Hepatitis B (HBV) is virus that primarily causes inflammation of the liver. It can lead to scarring of the organ, chronic infection, liver failure and liver cancer. If it isn’t treated, it can be fatal. One can become a chronic carrier if the infection lasts for more than six months.
HBV can spread commonly through:
- Sexual contact – There is likelihood of contracting hepatitis B if you have unprotected sex with an infected person. The virus can be passed to you if the person’s saliva, blood, vaginal secretions or semen enter your body.
- Sharing of needles – Needles and syringes that are contaminated with infected blood can spread HBV easily. You can face a high risk of hepatitis B if you share IV drug paraphernalia.
- Needlestick injuries – HBV is a concern for healthcare workers, and people who work with hypodermic syringes and other needle equipment, and come in contact with human blood. They are wounds caused by needles that puncture the skin accidentally, that typically occur during usage, disassembly or disposal of needles.
- Mother to child – Women who are pregnant and infected with Hepatitis B can pass the virus to their infant during childbirth. However, the newborn can receive vaccinations to avoid getting the infection. Pregnant women or women who want to become pregnant should talk to their doctors about being tested for Hepatitis B.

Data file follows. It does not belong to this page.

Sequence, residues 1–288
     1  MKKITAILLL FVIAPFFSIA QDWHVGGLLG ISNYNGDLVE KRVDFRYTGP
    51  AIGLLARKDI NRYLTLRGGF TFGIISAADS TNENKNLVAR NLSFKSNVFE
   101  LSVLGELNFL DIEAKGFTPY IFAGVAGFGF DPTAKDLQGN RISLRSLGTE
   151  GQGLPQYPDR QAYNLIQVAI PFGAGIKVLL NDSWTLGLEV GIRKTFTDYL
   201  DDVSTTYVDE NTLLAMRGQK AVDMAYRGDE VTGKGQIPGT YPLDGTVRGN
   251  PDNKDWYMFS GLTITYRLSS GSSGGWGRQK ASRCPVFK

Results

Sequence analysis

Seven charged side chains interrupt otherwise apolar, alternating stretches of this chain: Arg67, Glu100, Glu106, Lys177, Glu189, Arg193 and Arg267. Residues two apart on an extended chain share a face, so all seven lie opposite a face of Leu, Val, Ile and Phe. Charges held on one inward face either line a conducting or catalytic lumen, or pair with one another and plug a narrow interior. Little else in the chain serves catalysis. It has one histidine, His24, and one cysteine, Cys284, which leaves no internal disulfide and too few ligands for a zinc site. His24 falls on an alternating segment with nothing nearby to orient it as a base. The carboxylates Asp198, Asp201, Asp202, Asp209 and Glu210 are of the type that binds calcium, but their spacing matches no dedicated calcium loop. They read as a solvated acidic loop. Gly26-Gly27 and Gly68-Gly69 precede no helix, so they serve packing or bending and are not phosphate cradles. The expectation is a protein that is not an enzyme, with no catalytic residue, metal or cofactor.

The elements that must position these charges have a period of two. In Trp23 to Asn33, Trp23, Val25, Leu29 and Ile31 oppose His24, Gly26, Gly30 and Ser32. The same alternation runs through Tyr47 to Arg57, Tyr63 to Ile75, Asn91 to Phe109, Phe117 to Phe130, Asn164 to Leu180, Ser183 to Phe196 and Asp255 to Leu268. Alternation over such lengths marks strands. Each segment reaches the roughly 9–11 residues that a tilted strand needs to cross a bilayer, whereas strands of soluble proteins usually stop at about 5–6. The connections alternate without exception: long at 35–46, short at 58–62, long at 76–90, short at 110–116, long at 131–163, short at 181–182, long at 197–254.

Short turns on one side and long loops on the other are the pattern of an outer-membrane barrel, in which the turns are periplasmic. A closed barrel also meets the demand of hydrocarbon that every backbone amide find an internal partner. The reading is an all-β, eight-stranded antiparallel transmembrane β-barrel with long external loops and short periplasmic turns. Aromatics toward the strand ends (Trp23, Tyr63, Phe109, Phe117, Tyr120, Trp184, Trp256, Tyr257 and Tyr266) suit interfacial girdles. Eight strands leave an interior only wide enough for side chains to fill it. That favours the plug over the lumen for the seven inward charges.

Risk factors of Hepatitis B
The virus spread through contact with body fluids like blood and semen from an infected person. The risk of HBV infection increases if you:
- Share needles during IV drug use
- Have unprotected sex with someone who is infected with HBV or with more than one sex partner
- Are a man who has sex with other men
- Work in a job with exposure to human blood
- Travel to regions with increased HBV infection rates such as Asian, Eastern Europe, the Pacific Islands and Africa
Symptoms of Hepatitis B
There are often no symptoms of Hepatitis B, but it can also feel like other illnesses such as the flu. Hence, it is possible to have the infection and not know it. When they do appear, the symptoms usually show up about one to four months after being infected.
The signs and symptoms of Hepatitis B include:
- Abdominal pain
- Joint pain
- Loss of appetite
- Nausea and vomiting
- Dark-coloured urine
- Pale-coloured bowel movements
Seeing a Doctor
Head to a clinic and see a doctor immediately if you know you have been exposed to hepatitis B. Within 24 hours of exposure to the virus, a preventive treatment may help reduce your risk of infection. If you are showing symptoms, your doctor will examine for signs of liver damage such as belly pain and yellowing skin.
The tests that can help diagnose hepatitis B are:
- Blood tests to detect signs of the virus in the body, and assess whether it’s acute or chronic
- Liver ultrasound can show the amount of liver damage
- Liver biopsy involves a small tissue sample of the liver for testing to check for liver damage